"The school had playing fields at .....'The Cliff’, at Kersal. This meant taking a bus from under the arches of Exchange Station, then walking what then seemed quite a distance. After the game, often cold and muddy, we only had cold water in washbasins to clean up, then I had the weary journey home – walk, bus, walk, tram, walk – misery on a dark winter’s day! Then, in 1931 it was the new school and, for me, euphoria!.... after games on the school field I could soon be in a hot bath at home. Life was unbelievably transformed."

It was a relief for the Governors, as well as boys and staff, when at Easter 1933 all was ready at Rusholme, and the fields in Salford were surplus to requirements. The Guardian reported:

"This summer, for the first time, the boys of the Manchester Grammar School will play cricket on the expanse of the green field before the school Already the sight of a large tractor, a mower, and rollers may have given a hint of unusual activity to observers in Old Hall Lane. To-day two practice nets and the patches worn by batsman and bowler gave weight to these presages of summer, and a groundsman was to be seen marking out the pitches. On Monday the form matches begin, while on the following Saturday the first school match of the season will be played.

Hithero the Grammar School has been using its old ground at the Cliff and another, of greater convenience because of its closeness to the school, beside the University athletic ground. This year the Cliff will be given up. It has been decided to retain the other ground, however, and at present levelling work, intended to increase the playing space, is in progress."

In October 1935, the Building Committee reported that -

"The Committee considered on a reference from the Governors at their last meeting, a formal offer from the Salford City Council for the purchase of the playing fields in Lower Broughton Road for £4500. The Chairman of the Governors reported that since the last meeting he had approached certain friends of Salford and of the School, and, as a result, a sum of £500 had been received or promised to the School subject to the sale of the field being completed with Salford City Council, thereby bringing the purchase price, in effect, to £5000.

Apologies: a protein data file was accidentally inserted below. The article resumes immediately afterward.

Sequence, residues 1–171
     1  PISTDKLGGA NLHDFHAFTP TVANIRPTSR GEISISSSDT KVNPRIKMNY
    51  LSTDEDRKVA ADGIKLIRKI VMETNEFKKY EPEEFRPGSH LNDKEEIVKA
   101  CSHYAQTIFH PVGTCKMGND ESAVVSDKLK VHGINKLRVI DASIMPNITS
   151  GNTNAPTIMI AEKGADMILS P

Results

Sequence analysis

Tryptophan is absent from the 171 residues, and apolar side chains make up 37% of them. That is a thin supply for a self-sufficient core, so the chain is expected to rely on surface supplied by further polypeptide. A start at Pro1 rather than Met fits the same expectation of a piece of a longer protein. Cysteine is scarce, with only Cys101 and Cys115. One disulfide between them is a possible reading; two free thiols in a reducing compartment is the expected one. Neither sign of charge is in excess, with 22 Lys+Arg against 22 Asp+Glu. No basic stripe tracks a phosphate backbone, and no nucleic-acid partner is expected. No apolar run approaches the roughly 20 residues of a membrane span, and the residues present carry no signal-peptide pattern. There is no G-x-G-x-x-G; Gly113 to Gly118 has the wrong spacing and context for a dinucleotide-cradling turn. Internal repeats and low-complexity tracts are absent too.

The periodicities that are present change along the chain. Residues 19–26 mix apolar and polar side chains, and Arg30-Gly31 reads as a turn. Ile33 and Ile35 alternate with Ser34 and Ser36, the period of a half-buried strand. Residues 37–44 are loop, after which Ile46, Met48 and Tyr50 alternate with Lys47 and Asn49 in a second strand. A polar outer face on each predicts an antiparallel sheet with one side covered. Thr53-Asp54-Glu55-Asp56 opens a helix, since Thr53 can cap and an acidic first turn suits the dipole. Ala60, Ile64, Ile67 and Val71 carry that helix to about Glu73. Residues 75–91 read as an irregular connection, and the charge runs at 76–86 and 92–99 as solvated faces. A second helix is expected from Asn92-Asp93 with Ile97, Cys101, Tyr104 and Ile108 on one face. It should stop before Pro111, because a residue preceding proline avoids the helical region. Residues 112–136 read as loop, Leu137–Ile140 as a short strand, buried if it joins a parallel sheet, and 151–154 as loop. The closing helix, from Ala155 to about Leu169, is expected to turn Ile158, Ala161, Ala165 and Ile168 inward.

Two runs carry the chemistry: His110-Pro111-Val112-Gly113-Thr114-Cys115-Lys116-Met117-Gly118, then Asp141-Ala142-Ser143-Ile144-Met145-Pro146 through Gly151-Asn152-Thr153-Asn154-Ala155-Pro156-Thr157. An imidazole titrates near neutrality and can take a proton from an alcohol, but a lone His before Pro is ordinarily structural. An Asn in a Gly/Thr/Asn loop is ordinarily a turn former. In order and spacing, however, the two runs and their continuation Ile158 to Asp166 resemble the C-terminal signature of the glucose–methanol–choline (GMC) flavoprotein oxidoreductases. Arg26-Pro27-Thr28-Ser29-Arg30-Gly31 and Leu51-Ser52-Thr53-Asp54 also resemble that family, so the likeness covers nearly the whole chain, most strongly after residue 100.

After discussion it was resolved to recommend that the offer of the Salford City Council of the sum of £4500 for the purchase of the Cliff Playing Field together with the buildings thereon be accepted, subject to the approval of the Board of Education and of the Ministry of Health."

The Cliff had had its day and the connection was thus formally ended in 1935, when Salford City Council purchased the site. A plaque remains to commemorate the purchase and the prior connection with the School:

In later years, "The Cliff" was first leased and then bought by Manchester United F.C. as a training ground, and in the 1950s floodlights were erected. The fields were used for first team training as well as youth team fixtures until 1999. In that year, Alex Ferguson decided to move first team training to a more secure site at Carrington. However, the club still owns the site and there are plans for it to be used by the Manchester United Women's team, as well as continuing to be used for youth training and fixtures.

Below are some photographs of "The Cliff" in recent times:

Comments

Dan Lewis

1 Like Posted one month ago

Fascinating, I wasn't aware of the MGS connection! Hardly their top priority, but hopefully INEOS invest in the Cliff, given its dilapidated state reported upon last year. (Any improvements since?) I wouldn't be surprised if they sold it off, however…